The annual event Days of Celebration, presented by Washington Conference Regional Ministries, made history in January by featuring an all-female line-up of keynote speakers and a concert artist.
“A lot of people, particularly in regional churches, may not understand why our planning team chose all female speakers,” said EuGene Lewis, Washington Conference regional ministries coordinator. “It’s important to hear from both female and male voices when it comes to understanding the gospel better.”
Pastor Michelle Mota, who recently accepted a senior pastor role in Brooklyn, New York, shared two messages about living out one’s faith in all aspects of life.
“God is calling us to have mercy on the very people who live lives that we might have lived once ourselves,” Mota said. “If we were all to name the streets we walk on, it would be called the same thing: the walk of faith.”
This walk of faith requires compassion, mercy and grace, so Mota chose the story of the Canaanite woman in Matthew 15 to unpack three key lessons. When approaching Jesus about her daughter, the woman focused on her soul first, asking to “have mercy on me.” Then, following the treatment she received from the disciples, the Canaanite woman refused to allow societal rejection to keep her from Jesus. Finally, the woman’s faith was bigger than her circumstance.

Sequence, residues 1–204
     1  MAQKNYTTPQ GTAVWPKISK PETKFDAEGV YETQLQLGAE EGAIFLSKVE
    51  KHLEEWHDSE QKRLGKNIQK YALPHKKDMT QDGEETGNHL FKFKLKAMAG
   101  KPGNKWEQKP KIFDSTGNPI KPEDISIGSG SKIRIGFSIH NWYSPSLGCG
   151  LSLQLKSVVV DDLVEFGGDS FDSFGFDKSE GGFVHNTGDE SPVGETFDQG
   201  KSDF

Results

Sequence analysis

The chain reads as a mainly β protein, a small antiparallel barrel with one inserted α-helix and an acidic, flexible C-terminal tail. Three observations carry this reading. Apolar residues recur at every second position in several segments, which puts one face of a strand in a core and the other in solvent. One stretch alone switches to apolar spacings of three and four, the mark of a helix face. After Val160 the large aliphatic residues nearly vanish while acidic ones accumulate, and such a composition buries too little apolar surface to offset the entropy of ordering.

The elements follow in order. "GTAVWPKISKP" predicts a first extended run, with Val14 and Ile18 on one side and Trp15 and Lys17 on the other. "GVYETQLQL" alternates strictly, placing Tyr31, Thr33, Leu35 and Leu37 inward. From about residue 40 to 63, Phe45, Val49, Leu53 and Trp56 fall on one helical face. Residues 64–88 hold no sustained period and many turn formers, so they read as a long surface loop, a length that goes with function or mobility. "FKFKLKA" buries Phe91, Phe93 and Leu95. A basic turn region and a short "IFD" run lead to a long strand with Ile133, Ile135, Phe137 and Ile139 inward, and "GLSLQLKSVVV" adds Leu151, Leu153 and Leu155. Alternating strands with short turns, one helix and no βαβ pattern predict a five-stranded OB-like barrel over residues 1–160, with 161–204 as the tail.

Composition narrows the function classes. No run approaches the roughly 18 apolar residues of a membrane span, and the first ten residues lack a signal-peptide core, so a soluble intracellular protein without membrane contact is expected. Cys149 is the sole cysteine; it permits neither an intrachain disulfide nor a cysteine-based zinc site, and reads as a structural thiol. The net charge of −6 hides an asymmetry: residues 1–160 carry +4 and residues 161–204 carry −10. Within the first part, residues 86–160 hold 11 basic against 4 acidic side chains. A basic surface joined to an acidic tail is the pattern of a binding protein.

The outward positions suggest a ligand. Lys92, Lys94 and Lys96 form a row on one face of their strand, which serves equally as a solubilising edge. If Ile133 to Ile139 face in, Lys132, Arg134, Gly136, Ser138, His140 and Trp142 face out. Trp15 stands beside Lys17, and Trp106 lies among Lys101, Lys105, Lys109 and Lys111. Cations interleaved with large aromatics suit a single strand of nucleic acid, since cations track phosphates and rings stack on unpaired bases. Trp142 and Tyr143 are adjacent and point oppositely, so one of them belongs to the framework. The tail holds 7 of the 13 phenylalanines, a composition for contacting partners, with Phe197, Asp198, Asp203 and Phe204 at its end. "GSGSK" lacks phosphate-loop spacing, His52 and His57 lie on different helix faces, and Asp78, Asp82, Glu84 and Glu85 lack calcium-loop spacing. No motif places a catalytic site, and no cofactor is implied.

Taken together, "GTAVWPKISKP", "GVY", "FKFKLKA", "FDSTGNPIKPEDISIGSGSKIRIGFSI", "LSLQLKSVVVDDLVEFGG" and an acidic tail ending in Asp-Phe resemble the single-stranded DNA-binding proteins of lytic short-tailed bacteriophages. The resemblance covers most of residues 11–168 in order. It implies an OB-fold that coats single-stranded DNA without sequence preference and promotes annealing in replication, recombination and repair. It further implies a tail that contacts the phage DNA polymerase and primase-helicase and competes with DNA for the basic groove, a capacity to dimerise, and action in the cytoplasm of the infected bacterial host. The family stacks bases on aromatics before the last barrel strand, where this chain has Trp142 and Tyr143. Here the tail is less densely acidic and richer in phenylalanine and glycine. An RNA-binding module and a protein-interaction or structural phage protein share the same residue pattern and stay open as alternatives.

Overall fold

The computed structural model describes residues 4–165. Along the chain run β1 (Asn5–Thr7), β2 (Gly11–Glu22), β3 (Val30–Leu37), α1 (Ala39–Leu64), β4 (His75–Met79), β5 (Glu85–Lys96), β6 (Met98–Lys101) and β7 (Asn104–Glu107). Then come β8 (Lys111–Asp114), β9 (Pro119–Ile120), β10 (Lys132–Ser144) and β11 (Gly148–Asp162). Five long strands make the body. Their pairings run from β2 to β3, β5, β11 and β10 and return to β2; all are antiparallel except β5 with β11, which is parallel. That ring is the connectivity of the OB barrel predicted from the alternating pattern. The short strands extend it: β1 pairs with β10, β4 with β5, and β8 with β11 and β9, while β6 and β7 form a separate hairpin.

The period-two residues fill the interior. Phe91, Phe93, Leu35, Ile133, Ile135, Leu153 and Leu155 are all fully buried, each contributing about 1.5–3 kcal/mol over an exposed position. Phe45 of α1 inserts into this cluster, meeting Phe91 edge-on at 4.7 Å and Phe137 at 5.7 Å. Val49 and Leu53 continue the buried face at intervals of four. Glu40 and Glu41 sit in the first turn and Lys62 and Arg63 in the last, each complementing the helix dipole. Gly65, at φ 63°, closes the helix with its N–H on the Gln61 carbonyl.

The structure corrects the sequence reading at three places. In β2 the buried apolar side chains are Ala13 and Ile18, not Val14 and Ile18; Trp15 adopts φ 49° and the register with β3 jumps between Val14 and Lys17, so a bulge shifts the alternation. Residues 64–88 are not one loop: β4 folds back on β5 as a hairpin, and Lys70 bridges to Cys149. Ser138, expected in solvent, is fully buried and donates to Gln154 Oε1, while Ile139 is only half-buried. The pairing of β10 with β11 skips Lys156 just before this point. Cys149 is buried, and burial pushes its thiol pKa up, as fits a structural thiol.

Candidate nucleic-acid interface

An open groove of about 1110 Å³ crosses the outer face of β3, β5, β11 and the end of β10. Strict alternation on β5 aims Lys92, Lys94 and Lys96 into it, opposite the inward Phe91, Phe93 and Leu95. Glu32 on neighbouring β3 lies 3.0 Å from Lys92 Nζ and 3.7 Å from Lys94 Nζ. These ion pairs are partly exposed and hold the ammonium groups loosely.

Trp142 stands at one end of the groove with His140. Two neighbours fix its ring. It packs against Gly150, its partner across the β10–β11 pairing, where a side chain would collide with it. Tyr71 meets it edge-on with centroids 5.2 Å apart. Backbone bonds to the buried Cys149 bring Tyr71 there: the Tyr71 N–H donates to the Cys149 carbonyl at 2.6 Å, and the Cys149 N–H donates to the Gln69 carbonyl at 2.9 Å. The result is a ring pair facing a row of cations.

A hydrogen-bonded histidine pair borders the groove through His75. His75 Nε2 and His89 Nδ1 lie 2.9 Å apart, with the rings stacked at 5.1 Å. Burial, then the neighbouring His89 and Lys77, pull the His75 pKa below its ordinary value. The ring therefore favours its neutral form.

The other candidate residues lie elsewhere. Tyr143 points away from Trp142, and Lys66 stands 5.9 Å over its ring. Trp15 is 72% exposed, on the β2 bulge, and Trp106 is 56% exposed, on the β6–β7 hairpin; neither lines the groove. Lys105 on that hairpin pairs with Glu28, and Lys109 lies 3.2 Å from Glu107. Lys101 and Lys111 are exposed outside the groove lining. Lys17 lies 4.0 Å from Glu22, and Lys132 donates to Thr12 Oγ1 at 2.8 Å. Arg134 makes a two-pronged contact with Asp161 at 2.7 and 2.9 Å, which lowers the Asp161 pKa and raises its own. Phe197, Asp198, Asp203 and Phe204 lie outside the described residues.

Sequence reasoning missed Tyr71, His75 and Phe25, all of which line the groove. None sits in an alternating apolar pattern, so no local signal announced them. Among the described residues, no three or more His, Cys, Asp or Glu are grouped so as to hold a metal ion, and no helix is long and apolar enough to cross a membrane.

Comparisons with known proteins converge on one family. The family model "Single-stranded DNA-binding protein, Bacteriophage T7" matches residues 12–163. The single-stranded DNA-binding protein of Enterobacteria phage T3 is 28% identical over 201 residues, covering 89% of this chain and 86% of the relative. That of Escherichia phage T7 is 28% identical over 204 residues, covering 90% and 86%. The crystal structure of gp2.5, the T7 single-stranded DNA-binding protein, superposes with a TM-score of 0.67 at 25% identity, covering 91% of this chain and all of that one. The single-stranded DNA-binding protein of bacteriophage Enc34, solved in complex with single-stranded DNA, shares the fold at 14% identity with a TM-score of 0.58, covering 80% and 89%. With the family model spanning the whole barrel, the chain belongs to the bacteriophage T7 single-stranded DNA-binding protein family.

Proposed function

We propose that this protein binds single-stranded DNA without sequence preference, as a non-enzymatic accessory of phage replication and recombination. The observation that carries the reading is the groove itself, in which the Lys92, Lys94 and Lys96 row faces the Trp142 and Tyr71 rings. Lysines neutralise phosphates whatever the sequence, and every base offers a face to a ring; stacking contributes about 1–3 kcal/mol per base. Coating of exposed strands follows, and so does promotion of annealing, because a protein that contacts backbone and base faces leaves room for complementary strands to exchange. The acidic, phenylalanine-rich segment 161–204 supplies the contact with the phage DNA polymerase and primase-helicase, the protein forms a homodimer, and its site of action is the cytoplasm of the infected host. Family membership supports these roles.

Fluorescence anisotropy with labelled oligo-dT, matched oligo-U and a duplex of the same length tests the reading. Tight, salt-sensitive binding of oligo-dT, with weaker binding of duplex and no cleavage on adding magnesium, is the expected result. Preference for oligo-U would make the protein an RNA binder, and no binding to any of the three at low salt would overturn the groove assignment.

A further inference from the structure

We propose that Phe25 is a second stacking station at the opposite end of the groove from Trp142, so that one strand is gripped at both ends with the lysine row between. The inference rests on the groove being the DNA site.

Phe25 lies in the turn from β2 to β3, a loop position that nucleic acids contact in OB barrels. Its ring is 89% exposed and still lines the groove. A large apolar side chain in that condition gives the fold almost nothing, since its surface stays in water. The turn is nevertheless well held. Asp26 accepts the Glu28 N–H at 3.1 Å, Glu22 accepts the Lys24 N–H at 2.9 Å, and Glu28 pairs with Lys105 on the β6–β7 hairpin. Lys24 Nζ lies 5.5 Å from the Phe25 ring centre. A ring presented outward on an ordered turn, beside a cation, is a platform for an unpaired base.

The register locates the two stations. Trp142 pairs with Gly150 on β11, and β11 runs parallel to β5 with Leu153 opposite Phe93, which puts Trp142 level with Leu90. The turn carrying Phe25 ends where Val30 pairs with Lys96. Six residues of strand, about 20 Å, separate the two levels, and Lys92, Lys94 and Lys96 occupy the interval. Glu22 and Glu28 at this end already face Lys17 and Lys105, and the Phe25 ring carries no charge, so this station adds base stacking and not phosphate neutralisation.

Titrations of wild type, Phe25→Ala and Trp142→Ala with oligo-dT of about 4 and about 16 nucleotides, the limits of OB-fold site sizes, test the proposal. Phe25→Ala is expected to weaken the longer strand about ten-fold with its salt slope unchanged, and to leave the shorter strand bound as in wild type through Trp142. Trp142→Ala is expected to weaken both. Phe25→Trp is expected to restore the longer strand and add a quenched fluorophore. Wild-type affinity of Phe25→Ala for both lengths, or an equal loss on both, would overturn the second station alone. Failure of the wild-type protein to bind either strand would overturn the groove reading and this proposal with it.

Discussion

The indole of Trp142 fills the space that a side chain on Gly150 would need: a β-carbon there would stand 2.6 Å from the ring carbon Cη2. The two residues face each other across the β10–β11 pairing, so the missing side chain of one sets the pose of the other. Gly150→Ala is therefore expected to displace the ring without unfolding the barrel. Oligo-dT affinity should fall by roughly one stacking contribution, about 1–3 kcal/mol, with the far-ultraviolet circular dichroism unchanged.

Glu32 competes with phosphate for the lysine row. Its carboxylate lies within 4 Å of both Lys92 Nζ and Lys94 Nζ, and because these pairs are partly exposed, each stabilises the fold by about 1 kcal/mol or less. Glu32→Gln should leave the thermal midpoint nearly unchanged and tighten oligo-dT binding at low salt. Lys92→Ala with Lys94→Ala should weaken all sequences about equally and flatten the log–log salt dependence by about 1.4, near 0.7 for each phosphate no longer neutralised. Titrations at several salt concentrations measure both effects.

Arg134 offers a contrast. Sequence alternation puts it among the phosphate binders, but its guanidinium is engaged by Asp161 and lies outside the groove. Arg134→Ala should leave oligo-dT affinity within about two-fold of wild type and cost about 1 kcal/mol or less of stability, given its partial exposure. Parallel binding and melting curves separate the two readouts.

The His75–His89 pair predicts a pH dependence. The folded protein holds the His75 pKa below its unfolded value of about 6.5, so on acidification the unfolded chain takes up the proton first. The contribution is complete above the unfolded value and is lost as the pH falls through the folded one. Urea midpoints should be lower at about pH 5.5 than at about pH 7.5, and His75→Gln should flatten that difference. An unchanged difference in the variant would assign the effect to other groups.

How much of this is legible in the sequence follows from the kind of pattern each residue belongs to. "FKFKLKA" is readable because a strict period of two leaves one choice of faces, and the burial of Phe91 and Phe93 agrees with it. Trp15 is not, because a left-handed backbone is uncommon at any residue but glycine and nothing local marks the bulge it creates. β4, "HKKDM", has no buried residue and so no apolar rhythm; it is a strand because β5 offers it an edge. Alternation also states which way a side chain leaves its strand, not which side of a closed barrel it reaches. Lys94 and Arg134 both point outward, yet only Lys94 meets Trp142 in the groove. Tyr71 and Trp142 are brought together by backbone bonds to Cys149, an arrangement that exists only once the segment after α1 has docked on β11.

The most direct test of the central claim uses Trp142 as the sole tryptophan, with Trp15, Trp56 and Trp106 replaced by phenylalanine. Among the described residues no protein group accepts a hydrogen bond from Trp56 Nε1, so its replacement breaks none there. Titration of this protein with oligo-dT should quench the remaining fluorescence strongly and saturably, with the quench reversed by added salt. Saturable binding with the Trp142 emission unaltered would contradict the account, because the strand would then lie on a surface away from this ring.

“The goal of your past is not to remind you of all your wrong doing — it’s to remind you of where you’ve been so when you encounter people who reside on streets that you once frequented yourself, you would have the courage to bring people to Jesus,” Mota said. “Jesus is a 'walk down your street' kind of God. No one is too broken to come to God. Jesus is interested in setting you free, in addressing your doubts, in healing your body, in saving your soul.”
In her second message, Mota challenged listeners to be prepared with the armor of God, as described in Ephesians 6.
“Leave your house every morning with the armor of God,” Mota counseled. “Living out your faith simply requires putting one foot in front of the other. Walk out in the covering of God's blessings. Your shoes are your shoes. Your testimony is your testimony. Your experience with the gospel is yours. Bring hope to your world and be an agent of peace.”
Dr. Jeanne Mogusu, a pastor in Kenya, joined Days of Celebration remotely to share insights about women in ministry. “This is an emotive topic and everyone has an idea of what it could or should be,” Mogusu acknowledged. The focus, Mogusu suggested, should be on an understanding of biblical leadership and the internal call of God.
“When we understand who we are in God, then we can be able to delve into the many tasks God has for us,” Mogusu said. “We need to make sure our relationship with God is solid — whether you are male or female.”
Sherice Tomlin, a worship leader from Maryland, a COVID-19 survivor and child-loss survivor, closed out Days of Celebration with a virtual concert that included personal stories about times she has praised God through many storms in her life.
“There is so much more we can do by the grace of God to grow our work,” Lewis said. “God has a role for each woman and each man in carrying out the gospel. I believe God is preparing a table before us, in Seattle and beyond, to live out our faith and grow the mission God has given each and every one of us.”
Watch the Days of Celebration programs on-demand at washingtonconference.org/regionaldays